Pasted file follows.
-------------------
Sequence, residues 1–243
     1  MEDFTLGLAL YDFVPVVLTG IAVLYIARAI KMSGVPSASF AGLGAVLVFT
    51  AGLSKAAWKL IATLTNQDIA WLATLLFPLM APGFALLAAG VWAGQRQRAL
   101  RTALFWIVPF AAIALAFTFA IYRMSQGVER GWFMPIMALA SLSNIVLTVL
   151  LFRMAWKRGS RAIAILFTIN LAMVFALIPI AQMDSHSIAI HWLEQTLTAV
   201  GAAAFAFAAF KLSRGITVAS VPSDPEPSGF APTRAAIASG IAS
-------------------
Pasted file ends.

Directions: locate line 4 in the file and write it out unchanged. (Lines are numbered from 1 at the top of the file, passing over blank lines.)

   101  RTALFWIVPF AAIALAFTFA IYRMSQGVER GWFMPIMALA SLSNIVLTVL